Week 287: Portuguese Bend Reserve, Palos Verdes

April 23, 2023

 AllTrails Burma Road, Peacock Flats and Ishibashi Trail Loop, 3.08 miles (including 0.25m trek from car to gate). 

Springtime at the ocean! A marine layer veiled our view of the Pacific, but the clear blue sky and pink/yellow/green landscape surrounded, enveloped, and awed us along this three-trail hike in Palos Verdes' Portuguese Bend Reserve, a 1400 acre protected home for rare and protected wildlife. Barbara and I first hiked the preserve on one of Charles Fleming's Secret Walks in 2017 and returned today to follow a different route through this magical place. The Palos Verdes Peninsula was originally an island in the Channel Island archipelago and the peninsula's cultural history dates back 50,000 years, most familiarly with the Tongva tribe. Flash forward through the Spanish and Mexican occupation to the American cattle ranches in the late 19th century. Fortunately, Mother Nature added a caveat that kept this area from being hijacked by developers: it's subject to landslides and geographically unstable for building. Migrating birds use the preserve, the largest area of vegetation remaining in Palos Verdes, as a winter habitat for food and rest, and the area is a valuable scientific and ecological site. The gated entry to the Burma Road trailhead is adjacent to Del Cerro Park in Rancho Palos Verdes. The views are jaw dropping from the start at every angle. We followed the Burma Road Trail SE and picked up the Peacock Flats Trail to begin our counterclockwise loop heading down, surrounded by daisies and yellow mustard often so tall it felt like we were hiking through a tunnel. At the bottom of Peacock, now deep in the valley, we intersected with the Burma Trail and followed it E to the Ishibashi Trail. Worth a mention—James "Kat" and his wife Annie Ishibashi arrived in the US from Japan in 1910, leased 5 acres from the Bixby Cattle Ranch for $50/year and went on to build a family produce business that lasted almost a century. One of the only Japanese families who came back to the peninsula after internment, the Ishibashi family is a true peninsula success story. Barbara and I hiked up, and I do mean UP, the Ishibashi Trail to the upper Burma Trail to close our loop and return to our starting point. Great hike, and because it's so pretty it's very popular—tons of hikers, happy dogs on leash, lizards and black beetles, one fuzzy black caterpillar, and more than a few mountain bikers wheeling down the skinny trails. But, boy, the place is gorgeous. The parking is ridiculous and monitored, so we recommend planning ahead or committing to an extra half mile to the trailhead. But...so pretty and with so many trail options, and totally worth the trip.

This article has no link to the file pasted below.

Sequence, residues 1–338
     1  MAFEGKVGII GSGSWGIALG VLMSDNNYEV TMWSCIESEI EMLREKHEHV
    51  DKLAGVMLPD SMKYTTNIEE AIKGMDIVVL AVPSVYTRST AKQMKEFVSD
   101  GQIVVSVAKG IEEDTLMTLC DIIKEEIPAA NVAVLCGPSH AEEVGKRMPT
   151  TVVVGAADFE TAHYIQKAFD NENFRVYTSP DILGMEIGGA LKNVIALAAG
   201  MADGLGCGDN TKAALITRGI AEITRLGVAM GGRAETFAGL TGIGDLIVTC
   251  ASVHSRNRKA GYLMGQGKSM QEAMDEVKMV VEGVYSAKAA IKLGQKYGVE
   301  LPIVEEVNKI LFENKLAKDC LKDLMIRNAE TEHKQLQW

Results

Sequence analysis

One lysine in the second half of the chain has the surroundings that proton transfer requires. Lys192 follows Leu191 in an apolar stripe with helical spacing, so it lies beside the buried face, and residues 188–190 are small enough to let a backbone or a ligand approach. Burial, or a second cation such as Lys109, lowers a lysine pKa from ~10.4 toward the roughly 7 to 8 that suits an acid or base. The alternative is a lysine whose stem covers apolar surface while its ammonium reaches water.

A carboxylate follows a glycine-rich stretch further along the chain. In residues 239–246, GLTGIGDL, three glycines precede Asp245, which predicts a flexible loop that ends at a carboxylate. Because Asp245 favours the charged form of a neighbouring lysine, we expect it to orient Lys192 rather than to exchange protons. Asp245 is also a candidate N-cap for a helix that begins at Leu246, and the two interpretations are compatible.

You Might Also Like


Popular Posts

Total Pageviews